Sickness & Surgery: 10 Best Ideas & Gifts for Recovering Friends

My last blog post didn’t go over all that well with you–my beautiful community of amazing women–and you were quick to let me know I had it wrong.  🙂

In hindsight, I probably chose the wrong illustration (a woman recovering from surgery) to make my point: loving acts are loving acts from our friends even if they don’t initially read our minds to proactively give to us what we most need at any given time.  I think we too often take personally someone’s inability to automatically know what we need. But even my husband who lives with me and knows me deeply can’t always guess what I need at different times.  It’s ultimately my responsibility to reflect on what I need, communicate that, and trust that his love is no less sincere as he responds to what I requested.

But to make penance for any implication that someone who’s sick or in pain is at fault (she’s not!) if her friends are disappointing her– let’s make a list of fun ideas and gifts to give to our friends who are in physical recovery mode.  🙂

5 Easy and Affordable Gifts Post Surgery/Health Crisis

Easy because much as I admire those of you who can creatively put together something all thematic and homemade, I’m way more likely to send a gift if all I have to do it order it! Just only click and these gifts will be on their way!

Affordable because while we might want to pull off paying for house cleaning, massages, or meal deliveries for one of our closest friends– most of us are on a budget and will have to suffice with cheaper expressions of care. These are all between $15-35!

  • An infused water bottle “Drink! Drink! Drink!” is what we have to do to recover, but water gets boring after a while! For $14 send her a fun new way to get her fluids down!  And for another $8 you can add a recipe book filled with 80 water & fruit recipes for health!

 

 

  • Coloring Book and Pencils!  Prismacolors are by far my favorite colored pencils (and this 24 pack is only $12!)– they are the smoothest and the best! Pick out a fun coloring book to go with it and now they have something fun and creative to do while they heal.  (This one is my personal favorite for only $9 but there are soooo many to choose from!)

 

  • Tangible Inspiration: This bracelet may not be the most practical of gifts, but I am someone who loves to wear something that reminds me I am loved and that inspires me as I keep on the journey.  This $34 bracelet says “she believed she could, so she did” but there are lots of other styles and quotes to choose from.

 

  • Gift certificate to Audible.comWhen she just wants to close her eyes but is audibletired of sleeping… an audio book may be the perfect distraction!

 

 

  • Dry Shampoo and Other Beauty Care: A can of dry shampoo ($8 for 1 so maybe order 2!) may not heal her faster but it certainly may help her feel more whole! My hair gets so greasy that I’d need a can by my bed!  Here’s my favorite brand. Maybe add a package of bathing wipes to it, some amazing hand lotion, or some tinted lip balm from Burt’s Bee’s so she can feel and look better than she feels!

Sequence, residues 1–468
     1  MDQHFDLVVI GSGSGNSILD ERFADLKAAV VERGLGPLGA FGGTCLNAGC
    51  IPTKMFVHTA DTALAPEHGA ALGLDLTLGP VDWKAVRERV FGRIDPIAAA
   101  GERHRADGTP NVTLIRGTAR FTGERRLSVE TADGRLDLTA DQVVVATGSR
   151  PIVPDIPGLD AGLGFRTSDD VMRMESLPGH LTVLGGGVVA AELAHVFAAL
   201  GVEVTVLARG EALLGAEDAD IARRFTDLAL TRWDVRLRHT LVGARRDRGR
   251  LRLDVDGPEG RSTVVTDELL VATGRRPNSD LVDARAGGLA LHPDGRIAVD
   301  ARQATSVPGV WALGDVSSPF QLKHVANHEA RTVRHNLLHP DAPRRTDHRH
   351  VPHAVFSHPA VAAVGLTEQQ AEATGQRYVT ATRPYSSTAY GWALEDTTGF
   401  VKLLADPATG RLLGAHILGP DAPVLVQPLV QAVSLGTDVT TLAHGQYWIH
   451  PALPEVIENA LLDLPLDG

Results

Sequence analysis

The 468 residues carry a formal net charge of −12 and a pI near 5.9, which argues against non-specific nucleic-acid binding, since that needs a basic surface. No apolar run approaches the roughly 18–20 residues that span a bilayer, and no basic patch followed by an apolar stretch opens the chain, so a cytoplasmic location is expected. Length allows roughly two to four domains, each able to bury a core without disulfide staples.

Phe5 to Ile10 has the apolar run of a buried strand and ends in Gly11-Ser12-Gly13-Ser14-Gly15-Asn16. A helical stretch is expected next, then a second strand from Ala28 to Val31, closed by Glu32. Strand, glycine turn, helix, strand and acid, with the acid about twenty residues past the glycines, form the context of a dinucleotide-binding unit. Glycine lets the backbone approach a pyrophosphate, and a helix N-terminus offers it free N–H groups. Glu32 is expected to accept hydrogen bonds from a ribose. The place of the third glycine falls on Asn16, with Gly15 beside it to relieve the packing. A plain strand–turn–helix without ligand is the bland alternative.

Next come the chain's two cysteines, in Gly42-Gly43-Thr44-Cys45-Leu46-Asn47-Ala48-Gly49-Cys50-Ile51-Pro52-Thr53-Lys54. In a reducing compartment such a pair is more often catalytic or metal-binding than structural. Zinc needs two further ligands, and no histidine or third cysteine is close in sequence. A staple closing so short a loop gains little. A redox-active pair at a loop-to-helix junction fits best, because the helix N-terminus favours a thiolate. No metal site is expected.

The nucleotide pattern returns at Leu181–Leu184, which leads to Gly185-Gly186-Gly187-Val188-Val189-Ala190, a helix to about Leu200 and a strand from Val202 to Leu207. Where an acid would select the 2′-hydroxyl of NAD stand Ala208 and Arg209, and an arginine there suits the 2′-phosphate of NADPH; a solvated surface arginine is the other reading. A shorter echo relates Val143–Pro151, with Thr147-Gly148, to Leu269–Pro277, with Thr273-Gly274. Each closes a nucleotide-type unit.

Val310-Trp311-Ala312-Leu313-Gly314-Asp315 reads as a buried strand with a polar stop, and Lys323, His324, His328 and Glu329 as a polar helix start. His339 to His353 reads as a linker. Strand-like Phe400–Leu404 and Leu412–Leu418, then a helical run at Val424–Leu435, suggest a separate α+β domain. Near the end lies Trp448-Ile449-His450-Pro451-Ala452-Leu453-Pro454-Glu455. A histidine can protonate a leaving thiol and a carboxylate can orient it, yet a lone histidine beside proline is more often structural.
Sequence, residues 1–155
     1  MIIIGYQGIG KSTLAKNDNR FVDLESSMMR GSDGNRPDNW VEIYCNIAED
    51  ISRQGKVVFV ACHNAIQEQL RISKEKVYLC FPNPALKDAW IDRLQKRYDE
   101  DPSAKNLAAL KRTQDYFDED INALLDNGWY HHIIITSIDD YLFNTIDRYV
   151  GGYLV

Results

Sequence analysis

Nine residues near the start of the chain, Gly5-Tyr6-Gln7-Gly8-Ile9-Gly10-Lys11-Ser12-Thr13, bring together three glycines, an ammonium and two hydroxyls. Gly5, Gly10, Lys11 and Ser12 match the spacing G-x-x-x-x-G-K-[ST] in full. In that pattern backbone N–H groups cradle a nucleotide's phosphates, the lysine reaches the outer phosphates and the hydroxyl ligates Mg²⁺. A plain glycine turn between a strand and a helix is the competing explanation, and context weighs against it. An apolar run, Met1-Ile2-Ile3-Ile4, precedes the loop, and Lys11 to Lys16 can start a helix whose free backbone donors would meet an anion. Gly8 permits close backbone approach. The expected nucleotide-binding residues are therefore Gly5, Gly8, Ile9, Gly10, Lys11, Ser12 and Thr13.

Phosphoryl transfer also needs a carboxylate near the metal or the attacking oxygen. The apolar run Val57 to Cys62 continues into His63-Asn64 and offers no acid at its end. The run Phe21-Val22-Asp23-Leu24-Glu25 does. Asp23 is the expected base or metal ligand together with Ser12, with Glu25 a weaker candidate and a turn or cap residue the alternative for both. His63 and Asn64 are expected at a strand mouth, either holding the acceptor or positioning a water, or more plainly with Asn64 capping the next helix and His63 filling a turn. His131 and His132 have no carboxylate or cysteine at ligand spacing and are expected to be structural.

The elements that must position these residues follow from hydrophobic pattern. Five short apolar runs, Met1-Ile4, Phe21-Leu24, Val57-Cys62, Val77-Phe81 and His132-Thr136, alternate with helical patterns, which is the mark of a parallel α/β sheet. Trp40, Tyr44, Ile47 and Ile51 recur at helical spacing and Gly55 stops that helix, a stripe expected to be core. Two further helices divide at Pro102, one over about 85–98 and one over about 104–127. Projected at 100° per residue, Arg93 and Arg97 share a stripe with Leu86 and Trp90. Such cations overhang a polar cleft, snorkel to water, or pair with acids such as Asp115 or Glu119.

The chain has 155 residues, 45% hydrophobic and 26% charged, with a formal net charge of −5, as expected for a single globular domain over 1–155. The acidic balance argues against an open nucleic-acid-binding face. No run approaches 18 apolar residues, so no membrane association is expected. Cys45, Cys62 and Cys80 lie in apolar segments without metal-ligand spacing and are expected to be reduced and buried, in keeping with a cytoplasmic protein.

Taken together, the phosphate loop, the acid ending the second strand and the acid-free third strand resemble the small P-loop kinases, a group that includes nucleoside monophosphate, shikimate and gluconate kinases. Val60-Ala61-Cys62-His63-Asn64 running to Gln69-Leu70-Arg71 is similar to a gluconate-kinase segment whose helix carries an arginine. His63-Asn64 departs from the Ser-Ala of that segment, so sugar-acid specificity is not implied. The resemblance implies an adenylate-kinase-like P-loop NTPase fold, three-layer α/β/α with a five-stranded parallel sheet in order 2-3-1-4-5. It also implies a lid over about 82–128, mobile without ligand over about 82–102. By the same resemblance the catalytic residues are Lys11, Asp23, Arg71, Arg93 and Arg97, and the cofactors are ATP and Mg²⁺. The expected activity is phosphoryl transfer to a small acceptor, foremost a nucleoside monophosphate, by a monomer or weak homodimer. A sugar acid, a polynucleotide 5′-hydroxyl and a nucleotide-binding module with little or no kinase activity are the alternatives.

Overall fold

Are you on Pinterest? I’ve started a board with all these ideas and lots of others if you want to follow along!

5 Thoughtful Ideas of Time and Love

Most of us would probably concur that any gift or expression of love means so much to the recipient, but if you want to go the extra mile and gift your time then these ideas are as beautiful as they come!

  1. Commit to regular check-ins! Reminding our friends that they aren’t forgotten and sending them encouragement is so crucial! Ideas include:  mailing a card every week for the long haul, setting a reminder to text her every Wednesday, or making an extra effort to call her and check in more often (even if it just means leaving loving voice mails!)  @ClinkandChat tweeted me this idea: “text a daily joke or meme for laughs!”
  2. Ask the honest questions and give time for deep conversations.  When we’re present during someone’s pain, commit to being someone who asks the real questions that give them permission to share what’s going on inside of them.  Everyone else is asking about their physical health… be willing to process how that is affecting them:  How has this experience most affected you? What has been the most discouraging aspect of this? What has most surprised you in this experience? How would you describe how you’ve changed from this experience?
  3. Keep giving permission for them to be just as they are. Lots of women said what they most appreciated were the friends who kept normalizing the process and were comfortable with not needing the other to feel cheered or “better.” @GenerousAlix tweeted “Don’t rush the process!”  And one friend said to me “The person I was most excited to have come visit me was the one who texted and said ‘I’m coming over un-showered and I’ll be so disappointed if you dare get out of bed or even brush your hair before I come.’ as it made me let go of any need to prepare for her arrival.
  4. Offer your time in direct service.  In an ideal world, if a friend asked how they could help, we’d name a few things, but most of us don’t want to be inconvenient or assuming.  So if a friend said to me “Here are some options of things I can do… you either pick one or I’ll pick for you, but I am going to do something and I’d rather it be helpful to you… so if you want to vote, please speak up!” then I’d feel that much better picking one!  Two awesome ideas come from a couple members from our women’s friendship community, GirlfriendCircles.com: Kim Montenyohl suggested walking your friends dog which I think is awesome! And Julia Krout talked about how lonely she felt when she was physically limited after a surgery so the friends who would call and say “I want to bring you dinner and eat with you!” meant so much!  Other ideas could be: offering to do some online research for her (follow-up care, treatment reviews, best physical therapists in her area) if there’s anything she’s needing to eventually decide, offering to make her kids lunches if they go to school with your kids, call to ask her what you can pick up for her while you’re out running errands one afternoon, offer to attend an important appointment with her or to drive her home, or insist on doing her laundry no matter how much she objects.  🙂